Outburst-Prone Seattle Man Could Wear Shock Device In Trial


With the trial of suspected Seattle killer Isaiah Kalebu a few weeks away, attorneys, jail staff, and a judge are looking at some unusual ways to make sure the outburst-prone defendant doesn’t lash out in court, reports the Seattle Times. Kalebu, who is accused of torturing and raping two women, and killing one of them, routinely has interrupted court hearings with complaints over his treatment by jail staff and objections to his defense.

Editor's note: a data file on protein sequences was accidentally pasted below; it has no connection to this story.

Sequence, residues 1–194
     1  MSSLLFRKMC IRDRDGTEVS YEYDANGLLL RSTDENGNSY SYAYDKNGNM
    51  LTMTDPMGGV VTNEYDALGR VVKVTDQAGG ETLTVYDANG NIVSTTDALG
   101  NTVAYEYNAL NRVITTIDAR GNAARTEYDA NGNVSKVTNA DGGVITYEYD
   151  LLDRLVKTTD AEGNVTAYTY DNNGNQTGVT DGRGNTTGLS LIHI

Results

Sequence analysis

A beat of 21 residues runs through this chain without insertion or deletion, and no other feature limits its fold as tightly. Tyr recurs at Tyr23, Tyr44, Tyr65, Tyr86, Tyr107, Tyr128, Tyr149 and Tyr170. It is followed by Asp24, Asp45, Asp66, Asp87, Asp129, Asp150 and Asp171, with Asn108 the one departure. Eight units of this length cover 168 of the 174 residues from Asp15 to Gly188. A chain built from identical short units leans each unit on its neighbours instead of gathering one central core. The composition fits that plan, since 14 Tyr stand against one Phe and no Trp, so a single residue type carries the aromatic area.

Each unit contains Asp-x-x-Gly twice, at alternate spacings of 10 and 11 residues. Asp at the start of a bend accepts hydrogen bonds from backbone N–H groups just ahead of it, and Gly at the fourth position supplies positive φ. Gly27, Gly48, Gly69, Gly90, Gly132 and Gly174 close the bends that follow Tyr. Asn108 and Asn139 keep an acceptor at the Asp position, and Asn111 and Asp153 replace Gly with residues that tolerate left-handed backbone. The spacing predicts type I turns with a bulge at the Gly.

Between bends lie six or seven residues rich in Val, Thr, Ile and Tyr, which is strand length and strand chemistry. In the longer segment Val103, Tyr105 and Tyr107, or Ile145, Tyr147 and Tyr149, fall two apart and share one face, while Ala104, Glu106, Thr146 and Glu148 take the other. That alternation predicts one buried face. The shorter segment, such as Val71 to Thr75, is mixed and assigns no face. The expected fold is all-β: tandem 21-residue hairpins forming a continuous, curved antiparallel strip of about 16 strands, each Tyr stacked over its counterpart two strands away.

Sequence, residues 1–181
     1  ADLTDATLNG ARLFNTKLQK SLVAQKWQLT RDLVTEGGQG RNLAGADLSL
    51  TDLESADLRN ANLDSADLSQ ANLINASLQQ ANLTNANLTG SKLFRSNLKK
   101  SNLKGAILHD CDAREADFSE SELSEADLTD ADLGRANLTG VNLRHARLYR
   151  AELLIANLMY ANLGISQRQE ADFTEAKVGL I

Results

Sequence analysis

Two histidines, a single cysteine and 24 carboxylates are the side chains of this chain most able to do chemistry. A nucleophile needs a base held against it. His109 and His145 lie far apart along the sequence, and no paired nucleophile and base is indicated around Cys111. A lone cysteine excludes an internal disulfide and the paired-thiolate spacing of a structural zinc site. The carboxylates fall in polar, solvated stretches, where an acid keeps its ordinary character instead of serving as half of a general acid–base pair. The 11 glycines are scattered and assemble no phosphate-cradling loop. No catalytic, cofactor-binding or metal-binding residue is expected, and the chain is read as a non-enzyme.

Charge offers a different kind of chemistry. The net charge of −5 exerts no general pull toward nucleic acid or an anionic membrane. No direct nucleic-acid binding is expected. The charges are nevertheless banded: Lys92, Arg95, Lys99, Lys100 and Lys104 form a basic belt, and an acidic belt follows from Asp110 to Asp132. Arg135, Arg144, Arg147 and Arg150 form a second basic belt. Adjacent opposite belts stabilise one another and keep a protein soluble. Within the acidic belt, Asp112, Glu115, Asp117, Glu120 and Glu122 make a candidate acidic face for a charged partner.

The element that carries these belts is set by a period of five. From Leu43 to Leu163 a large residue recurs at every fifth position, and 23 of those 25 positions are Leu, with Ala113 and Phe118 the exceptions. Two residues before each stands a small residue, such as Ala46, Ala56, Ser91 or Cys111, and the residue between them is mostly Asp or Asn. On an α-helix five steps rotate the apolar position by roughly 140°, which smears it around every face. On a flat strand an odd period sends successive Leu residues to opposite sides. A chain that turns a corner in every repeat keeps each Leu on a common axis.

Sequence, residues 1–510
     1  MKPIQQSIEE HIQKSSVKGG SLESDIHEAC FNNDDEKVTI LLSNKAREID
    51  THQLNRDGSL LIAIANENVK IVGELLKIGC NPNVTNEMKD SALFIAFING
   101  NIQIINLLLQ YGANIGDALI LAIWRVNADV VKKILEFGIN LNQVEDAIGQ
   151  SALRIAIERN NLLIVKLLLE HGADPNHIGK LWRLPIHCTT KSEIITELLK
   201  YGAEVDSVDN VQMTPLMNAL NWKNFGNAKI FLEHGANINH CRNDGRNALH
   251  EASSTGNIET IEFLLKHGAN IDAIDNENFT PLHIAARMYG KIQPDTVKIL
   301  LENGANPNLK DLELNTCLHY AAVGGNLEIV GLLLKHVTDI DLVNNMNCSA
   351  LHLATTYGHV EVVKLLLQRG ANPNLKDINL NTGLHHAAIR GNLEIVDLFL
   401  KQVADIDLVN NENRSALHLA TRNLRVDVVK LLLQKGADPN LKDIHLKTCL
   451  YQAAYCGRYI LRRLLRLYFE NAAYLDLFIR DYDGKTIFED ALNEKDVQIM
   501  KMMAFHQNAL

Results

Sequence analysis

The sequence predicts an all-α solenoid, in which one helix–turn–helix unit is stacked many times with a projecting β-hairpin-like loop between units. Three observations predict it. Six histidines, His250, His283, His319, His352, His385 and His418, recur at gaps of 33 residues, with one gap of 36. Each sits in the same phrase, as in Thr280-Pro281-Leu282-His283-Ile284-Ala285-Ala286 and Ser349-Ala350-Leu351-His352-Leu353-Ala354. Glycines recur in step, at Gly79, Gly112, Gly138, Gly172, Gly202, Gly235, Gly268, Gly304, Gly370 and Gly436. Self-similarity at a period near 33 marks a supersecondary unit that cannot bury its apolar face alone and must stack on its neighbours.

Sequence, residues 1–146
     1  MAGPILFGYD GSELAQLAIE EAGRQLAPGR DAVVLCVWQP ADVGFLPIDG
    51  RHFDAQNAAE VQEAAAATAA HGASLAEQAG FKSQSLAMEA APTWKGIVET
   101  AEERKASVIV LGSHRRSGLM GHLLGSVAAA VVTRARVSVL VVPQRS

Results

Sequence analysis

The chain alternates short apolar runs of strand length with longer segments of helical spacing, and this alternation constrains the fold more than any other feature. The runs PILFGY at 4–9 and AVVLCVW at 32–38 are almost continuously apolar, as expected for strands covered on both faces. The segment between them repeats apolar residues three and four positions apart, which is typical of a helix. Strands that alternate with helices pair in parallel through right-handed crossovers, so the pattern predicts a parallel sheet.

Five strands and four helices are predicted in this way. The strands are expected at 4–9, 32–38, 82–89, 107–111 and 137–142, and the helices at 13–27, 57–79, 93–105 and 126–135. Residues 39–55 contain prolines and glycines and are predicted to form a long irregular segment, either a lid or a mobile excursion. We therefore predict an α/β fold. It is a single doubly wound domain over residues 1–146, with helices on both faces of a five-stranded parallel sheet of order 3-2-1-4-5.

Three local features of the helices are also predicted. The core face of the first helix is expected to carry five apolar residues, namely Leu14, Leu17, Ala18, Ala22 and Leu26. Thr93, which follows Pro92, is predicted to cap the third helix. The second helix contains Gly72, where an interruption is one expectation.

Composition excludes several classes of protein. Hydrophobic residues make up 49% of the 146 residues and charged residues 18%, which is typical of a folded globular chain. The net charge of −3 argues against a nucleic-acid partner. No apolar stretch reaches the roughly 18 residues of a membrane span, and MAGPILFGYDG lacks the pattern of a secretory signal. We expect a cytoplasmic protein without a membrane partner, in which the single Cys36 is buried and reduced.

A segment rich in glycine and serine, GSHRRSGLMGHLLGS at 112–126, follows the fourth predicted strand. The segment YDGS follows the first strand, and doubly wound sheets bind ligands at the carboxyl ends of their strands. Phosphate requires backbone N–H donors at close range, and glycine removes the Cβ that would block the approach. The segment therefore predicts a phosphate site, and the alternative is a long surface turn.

During one recent hearing, he knocked over chairs and cursed at Judge Michael Hayden. Hayden is concerned a mistrial could result if Kalebu’s outbursts continue. He has a long history of mental illness but has been ruled mentally competent to stand trial. Jail staff have asked Hayden to allow them to use an electroshock stun-gun sleeve on Kalebu during the trial. If he acts out, a corrections officer inside the courtroom can press a button that will send an electric shock to the sleeve, which is attached to the defendant’s arm or leg. A defense attorney warned that if jurors witness Kalebu being shocked, the defense could seek a mistrial.

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